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Senator Gladstone was 84 and had served in the Canadian Senate from 1958 to 1970 when he retired. He is survived by his wife, two sons and four daughters.
The Senator's Indian name was Akay - Namuka which means Many Guns.
He was born near Mountain Hill, Alberta in 1887. Later he attended the Anglican Mission school on the reserve until 1903 when he transferred to the Indian Industrial school at Calgary where he apprenticed as a printer.
He left school in 1905 and worked as an interpreter on his home reserve and also wrangled cattle on ranches in the Fort Macleod area. Six years later, the R.C.M.P. hired him as chief scout and interpreter in the West. He later served as mail carrier for the Blood Indian agency.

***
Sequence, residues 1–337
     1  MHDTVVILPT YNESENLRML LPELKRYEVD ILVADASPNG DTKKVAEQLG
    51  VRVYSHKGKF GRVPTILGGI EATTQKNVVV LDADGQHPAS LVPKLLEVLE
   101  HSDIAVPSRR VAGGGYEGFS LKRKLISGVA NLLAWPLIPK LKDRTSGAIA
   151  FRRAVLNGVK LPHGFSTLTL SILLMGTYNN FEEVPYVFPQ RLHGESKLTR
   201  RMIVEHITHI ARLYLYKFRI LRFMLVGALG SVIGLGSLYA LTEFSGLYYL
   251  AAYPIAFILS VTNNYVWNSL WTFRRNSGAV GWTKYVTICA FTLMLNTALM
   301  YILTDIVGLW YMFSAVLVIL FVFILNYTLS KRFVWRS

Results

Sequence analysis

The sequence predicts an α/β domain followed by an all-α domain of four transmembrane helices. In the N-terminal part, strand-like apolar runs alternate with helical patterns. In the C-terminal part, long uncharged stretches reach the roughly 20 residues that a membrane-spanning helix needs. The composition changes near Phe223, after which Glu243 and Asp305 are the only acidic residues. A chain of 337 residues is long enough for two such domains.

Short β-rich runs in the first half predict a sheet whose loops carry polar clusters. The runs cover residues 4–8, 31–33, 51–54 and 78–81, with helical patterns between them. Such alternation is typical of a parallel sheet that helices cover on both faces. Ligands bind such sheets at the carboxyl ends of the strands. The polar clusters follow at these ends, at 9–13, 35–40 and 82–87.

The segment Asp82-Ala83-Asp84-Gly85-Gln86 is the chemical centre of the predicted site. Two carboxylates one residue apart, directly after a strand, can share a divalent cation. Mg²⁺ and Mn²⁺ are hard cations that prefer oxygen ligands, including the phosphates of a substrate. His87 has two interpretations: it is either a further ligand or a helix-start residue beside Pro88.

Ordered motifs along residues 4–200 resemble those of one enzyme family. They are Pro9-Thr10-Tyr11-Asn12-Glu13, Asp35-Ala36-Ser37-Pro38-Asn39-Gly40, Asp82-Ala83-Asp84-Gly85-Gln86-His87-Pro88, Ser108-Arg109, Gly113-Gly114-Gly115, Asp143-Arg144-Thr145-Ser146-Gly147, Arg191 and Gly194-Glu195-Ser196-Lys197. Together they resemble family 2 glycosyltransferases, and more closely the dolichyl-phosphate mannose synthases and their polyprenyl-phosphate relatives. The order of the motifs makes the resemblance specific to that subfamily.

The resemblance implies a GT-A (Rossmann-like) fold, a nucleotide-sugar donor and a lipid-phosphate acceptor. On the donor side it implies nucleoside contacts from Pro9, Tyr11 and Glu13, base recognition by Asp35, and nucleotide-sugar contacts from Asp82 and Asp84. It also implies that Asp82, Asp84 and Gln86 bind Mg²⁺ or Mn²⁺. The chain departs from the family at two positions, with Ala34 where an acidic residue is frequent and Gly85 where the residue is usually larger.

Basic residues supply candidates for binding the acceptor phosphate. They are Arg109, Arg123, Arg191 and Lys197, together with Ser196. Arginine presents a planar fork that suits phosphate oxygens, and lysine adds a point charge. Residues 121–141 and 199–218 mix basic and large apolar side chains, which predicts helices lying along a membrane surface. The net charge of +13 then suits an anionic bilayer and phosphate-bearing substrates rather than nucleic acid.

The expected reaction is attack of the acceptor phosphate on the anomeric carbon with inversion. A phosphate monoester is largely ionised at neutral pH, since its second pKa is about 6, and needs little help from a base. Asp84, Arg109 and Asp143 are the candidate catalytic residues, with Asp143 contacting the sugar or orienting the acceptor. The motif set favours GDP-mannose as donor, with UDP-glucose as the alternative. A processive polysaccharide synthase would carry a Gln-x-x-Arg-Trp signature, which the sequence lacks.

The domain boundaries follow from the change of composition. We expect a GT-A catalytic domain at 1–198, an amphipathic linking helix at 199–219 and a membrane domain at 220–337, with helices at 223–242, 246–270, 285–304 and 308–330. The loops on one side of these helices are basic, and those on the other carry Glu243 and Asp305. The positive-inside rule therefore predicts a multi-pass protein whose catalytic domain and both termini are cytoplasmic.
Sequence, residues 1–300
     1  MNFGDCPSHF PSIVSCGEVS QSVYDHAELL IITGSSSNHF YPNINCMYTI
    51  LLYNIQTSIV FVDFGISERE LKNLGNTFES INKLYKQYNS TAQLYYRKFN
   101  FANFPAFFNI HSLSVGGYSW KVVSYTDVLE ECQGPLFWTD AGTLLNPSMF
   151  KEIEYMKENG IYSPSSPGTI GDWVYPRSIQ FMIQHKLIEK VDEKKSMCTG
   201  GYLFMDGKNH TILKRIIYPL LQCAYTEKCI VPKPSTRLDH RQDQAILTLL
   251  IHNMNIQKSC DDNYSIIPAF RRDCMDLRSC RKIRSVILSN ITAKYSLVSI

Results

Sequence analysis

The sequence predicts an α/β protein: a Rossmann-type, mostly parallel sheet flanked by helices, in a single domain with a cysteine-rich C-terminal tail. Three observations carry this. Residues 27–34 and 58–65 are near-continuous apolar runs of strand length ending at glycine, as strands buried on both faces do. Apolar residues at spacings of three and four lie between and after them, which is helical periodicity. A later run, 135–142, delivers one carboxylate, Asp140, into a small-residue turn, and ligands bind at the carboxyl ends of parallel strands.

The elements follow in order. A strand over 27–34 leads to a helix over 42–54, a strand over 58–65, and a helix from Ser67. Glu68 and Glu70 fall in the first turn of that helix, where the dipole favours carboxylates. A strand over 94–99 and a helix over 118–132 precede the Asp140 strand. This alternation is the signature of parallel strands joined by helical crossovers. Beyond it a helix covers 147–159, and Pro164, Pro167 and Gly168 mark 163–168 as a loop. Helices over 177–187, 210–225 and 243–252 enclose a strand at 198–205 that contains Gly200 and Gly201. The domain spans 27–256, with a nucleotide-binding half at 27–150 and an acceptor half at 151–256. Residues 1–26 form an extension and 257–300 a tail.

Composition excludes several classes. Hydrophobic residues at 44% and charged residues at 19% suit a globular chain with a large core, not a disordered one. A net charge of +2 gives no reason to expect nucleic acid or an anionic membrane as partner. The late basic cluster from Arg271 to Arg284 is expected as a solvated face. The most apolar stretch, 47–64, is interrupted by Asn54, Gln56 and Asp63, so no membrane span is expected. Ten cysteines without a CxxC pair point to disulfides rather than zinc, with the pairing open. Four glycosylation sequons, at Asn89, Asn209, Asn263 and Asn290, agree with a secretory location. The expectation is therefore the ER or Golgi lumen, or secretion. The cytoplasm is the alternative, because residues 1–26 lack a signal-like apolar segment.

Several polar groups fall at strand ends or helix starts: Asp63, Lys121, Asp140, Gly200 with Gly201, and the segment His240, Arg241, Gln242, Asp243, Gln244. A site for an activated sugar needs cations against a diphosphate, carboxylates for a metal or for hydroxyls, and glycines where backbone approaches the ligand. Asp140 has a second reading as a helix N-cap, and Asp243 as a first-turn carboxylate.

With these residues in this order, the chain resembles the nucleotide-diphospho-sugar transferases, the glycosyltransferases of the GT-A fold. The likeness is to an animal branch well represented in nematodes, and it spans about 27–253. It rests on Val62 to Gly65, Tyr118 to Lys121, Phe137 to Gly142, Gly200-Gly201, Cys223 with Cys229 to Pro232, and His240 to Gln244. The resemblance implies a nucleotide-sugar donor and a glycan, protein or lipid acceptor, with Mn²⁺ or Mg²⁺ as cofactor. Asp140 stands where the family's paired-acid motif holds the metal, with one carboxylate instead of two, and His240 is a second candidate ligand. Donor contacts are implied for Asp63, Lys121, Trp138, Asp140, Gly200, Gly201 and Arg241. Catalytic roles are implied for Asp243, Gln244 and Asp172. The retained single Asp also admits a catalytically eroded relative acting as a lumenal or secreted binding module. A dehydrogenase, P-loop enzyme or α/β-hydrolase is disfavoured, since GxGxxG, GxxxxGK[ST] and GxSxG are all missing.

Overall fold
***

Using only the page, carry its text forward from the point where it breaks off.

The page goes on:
Noted for his progressive ideas about farming, Senator Gladstone and his two sons built up a prosperous 720 acre ranch-farm with 400 hereford cattle. Early in the 1920's, he introduced the first tractor to the Blood Indian reserve and encouraged his fellow Indians to accept modern farming methods.
When Diefenbaker was swept into office in 1957, one of his campaign promises was to appoint a Senator for the Indian people. Senator Gladstone was appointed January 31st, 1958 and sworn in on May 12 of the same year.
This soft spoken but effective fighter constantly sought a new deal for the Indian people. He believed that the dawn of a new life for Canadian Indians was just around the corner.